Enneagram Series by Mark McGuinness
The Enneagram is a nine-pointed star drawn inside a circle. It has many meanings and uses – currently, it is best known as a system of personality types, where each of the nine points corresponds to a different type.
I was introduced to the Enneagram in 1997, since when I have found it a powerful and practical tool, in my own life and relationships, and in my work – originally as a psychotherapist and now as a business coach and consultant.
The Enneagram system is not confined to what modern psychology regards as the “personality” – it includes the whole of human nature, mental, emotional and physical – but I will limit this brief introduction to the personality types and how they can help you in your personal and professional development.
What can the Enneagram offer you?
The Enneagram types are not made up of lists of character traits, but are founded on a person’s core values. Each type represents a fundamental decision about what is most important in life – such as power, security, harmony, knowledge or fulfillment. This decision is a two-edged sword: focusing on any of these important values enables us to make a valuable contribution in many areas of life; but it also causes us to neglect other values, creating a psychological “blind spot” that limits our perspective and prevents us from developing beyond a certain point.
Identifying your Enneagram type can show you this blind spot and open up unexpected options for change. It can help you break long standing patterns that have been holding you back, sometimes without your realising it.
Whether or not knowing your strengths and weaknesses is important to you personally, it is vital to your professional development. Without this knowledge you risk choosing the wrong challenges or even the wrong career. You are also likely to keep coming up against the same obstacles to success.
Identifying and working with your Enneagram type can help you play to your strengths by choosing professional challenges that are most appealing and appropriate for your talents. Knowing your “blind spot” helps you work around the obstacles it creates for you.
Well these don’t come with an instruction manual, do they? For most of us, personal relationships are most rewarding or the most frustrating part of life – or both. In some ways we can be so close to another, yet in others feel so apart. How many times have we all felt, when an argument starts or a misunderstanding arises, “That’s not what I meant at all!”?
Understanding your own and others’ Enneagram types allows you to relate to others with greater empathy and compassion, leading to less conflict and clearer communication.
It’s hard to think of a job in which dealing with people is not a vital skill. For anyone in one of the “people professions” – such as managing, teaching, counseling, coaching, consulting, sales, medicine or politics – it is central to the success or failure of your work.
The Enneagram offers you a powerful framework for relating to others more authentically and constructively. Whether influencing, managing, selling, caring, team-building, presenting or advising, it can help you communicate effectively and respectfully, extending your influence and opening up new options for collaboration.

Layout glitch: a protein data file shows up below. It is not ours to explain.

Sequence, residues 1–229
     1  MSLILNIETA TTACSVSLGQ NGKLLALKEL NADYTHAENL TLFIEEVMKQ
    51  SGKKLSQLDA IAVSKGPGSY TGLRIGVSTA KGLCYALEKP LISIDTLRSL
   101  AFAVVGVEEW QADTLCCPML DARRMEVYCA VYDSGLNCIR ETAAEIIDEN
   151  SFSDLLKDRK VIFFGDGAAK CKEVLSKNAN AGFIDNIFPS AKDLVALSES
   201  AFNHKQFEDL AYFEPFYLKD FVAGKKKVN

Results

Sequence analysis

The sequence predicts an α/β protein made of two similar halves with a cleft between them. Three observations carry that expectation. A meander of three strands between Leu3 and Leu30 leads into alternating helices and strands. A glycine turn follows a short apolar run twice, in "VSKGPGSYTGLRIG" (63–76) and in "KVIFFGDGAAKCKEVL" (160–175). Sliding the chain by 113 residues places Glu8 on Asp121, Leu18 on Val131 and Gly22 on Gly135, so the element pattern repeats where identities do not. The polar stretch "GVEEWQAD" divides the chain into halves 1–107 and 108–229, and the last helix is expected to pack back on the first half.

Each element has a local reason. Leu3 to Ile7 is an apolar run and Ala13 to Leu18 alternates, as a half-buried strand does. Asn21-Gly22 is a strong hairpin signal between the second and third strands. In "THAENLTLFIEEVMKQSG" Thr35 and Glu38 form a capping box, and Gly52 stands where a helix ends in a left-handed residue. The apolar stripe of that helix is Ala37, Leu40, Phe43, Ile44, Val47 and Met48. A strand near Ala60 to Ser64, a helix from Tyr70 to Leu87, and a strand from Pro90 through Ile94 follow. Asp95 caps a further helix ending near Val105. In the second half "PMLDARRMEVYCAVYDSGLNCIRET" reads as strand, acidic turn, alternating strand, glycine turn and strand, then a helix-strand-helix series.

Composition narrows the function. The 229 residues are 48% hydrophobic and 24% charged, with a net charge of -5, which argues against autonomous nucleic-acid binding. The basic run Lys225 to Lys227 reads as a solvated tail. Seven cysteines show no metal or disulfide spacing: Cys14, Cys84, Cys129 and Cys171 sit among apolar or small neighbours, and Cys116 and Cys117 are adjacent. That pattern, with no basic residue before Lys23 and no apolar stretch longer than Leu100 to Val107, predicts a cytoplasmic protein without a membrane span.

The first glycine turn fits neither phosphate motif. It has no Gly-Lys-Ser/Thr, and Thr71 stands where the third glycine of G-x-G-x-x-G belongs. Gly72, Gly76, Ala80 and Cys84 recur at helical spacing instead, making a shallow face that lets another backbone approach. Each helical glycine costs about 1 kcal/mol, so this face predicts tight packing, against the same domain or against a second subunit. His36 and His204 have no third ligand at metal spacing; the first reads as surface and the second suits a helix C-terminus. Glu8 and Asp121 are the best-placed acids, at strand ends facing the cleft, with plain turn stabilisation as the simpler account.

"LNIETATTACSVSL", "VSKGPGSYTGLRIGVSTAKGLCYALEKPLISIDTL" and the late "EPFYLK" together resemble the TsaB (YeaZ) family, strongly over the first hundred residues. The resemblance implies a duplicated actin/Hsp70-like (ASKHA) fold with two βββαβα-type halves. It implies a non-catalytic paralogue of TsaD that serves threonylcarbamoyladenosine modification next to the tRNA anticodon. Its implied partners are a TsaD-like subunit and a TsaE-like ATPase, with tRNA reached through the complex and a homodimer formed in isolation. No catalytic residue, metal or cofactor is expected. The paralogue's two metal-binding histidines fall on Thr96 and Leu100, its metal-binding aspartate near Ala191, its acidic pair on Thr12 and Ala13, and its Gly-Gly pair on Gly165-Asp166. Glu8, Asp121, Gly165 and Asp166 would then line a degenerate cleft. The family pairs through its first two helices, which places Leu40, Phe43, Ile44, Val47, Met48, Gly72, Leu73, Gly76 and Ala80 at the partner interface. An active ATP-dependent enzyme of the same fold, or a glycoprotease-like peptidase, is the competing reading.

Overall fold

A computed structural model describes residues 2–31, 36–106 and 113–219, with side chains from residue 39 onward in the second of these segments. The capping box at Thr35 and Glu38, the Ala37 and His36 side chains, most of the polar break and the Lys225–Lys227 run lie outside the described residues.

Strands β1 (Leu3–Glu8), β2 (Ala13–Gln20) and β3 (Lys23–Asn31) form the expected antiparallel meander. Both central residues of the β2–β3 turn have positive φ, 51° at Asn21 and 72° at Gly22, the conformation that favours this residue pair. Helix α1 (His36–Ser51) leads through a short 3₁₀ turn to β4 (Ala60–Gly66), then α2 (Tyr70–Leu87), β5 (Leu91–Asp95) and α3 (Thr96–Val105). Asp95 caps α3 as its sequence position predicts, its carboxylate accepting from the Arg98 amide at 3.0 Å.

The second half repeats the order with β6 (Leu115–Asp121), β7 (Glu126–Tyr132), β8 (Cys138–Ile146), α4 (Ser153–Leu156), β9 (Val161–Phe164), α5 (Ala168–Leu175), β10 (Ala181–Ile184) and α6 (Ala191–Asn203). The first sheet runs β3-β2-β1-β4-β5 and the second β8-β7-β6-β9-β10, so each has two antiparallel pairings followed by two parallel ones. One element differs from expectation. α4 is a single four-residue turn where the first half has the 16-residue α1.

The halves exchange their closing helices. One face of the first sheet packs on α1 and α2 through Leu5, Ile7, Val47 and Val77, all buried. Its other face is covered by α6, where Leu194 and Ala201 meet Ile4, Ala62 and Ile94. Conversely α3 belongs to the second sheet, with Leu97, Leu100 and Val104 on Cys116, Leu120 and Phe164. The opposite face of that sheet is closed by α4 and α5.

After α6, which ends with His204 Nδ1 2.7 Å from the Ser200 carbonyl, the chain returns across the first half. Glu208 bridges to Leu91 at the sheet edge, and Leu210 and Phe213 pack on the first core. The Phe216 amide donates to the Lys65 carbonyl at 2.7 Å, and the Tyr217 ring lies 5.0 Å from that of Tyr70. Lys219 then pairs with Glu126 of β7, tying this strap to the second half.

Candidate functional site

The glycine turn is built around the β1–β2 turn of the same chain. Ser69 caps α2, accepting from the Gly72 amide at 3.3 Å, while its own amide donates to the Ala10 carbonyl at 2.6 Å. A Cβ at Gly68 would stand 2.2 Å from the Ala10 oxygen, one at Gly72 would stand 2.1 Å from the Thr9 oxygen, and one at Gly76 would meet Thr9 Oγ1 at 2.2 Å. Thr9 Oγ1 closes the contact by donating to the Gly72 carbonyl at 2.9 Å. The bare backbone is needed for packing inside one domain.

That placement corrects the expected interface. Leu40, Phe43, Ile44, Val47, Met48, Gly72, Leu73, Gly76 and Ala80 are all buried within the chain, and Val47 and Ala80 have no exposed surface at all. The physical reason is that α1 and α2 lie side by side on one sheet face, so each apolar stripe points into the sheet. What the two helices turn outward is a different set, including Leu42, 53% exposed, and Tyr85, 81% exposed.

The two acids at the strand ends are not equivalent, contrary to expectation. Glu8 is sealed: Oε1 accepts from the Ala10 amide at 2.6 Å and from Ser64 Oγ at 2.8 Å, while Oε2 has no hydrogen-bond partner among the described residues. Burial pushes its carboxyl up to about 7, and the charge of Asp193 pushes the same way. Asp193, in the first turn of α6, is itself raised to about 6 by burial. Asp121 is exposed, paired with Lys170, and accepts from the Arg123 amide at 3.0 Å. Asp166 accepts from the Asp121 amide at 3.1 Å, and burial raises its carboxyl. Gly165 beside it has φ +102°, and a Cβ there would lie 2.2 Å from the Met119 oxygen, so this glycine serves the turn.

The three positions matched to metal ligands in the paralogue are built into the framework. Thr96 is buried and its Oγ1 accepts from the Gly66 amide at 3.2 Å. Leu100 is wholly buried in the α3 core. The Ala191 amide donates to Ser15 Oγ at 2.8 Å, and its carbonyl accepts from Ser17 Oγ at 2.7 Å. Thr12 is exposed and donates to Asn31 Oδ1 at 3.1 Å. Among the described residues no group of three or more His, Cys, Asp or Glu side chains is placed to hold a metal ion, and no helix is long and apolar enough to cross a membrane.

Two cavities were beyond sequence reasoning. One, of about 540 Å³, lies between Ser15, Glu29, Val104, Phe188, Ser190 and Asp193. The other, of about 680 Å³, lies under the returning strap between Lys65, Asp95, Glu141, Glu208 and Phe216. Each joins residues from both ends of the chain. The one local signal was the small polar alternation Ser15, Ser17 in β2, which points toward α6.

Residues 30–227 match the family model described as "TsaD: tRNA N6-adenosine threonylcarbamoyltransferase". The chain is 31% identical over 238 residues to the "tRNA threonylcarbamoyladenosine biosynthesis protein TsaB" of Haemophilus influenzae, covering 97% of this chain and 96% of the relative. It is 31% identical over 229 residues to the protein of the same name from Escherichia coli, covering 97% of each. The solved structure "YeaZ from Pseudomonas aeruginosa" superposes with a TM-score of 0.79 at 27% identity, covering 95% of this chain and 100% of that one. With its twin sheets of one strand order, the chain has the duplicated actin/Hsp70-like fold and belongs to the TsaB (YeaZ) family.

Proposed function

I’ve left this one last as it’s perfectly possible to use the Enneagram as a practical tool for self-knowledge and relating to others without any spiritual element.
On the other hand, those with an interest in spiritual development will want to know that the Enneagram has been used as a framework for meditation and growth in several different spiritual traditions. For the Sufis, the mystics of Islam, the Enneagram is the “face of God”. Christian teachers have traced the seven deadly sins – and their antidotes – in the Enneagram types. And Buddhist teachers use the Enneagram as a “map of attachments” that can guide meditators on the way to awakening. More modern spiritual schools that use the Enneagram include the Fourth Way teachings of G.I. Gurdjieff and the Arica training of Oscar Ichazo.
So which Enneagram type are you?
Whether you are interested in secular or spiritual development, the Enneagram offers you a powerful lens for examining yourself and others – and making profound changes in your own life and relationships.
The first step towards using it is to familiarise yourself with the nine Enneagram types and start to get a sense of your own type. In my next few posts I’ll describe the nine types, but before we get to that here’s a short questionnaire to help you identify your type. It’s a shortened version of the Riso-Hudson Enneagram Type Indicator (RHETI) devised by well-known Enneagram authors Don Richard Riso and Russ Hudson.
Here’s a link to the free shorter version of the test – take 10 minutes to complete this questionnaire before my next post and it will make the descriptions of the types more relevant and interesting to you. [editor’s note 2021 – we’ve updated the link, as the original quiz was removed.]
I’m offering the link here to help you take the first step towards recognising your type – but don’t be too quick to jump to conclusions. It took me several months (and some brutal feedback from a well-meaning friend!) before I identified my own type correctly.
In my next post I’ll start to introduce the Enneagram types.
Mark studied the Enneagram as part of his training as a psychotherapist. He has used it for his own personal development and in his work with individuals, families, and organizations. Mark McGuinness’ business Wishful Thinking, is a specialist coaching and training service for creative businesses such as design studios, ad agencies, film and TV production companies, computer games developers, architect’s practices and fashion designers.
Part 2 in Enneagram — a Brief Introduction, The Heart Types, will appear Wednesday at about this same time.
Thank you, Mark,
–ME “Liz” Strauss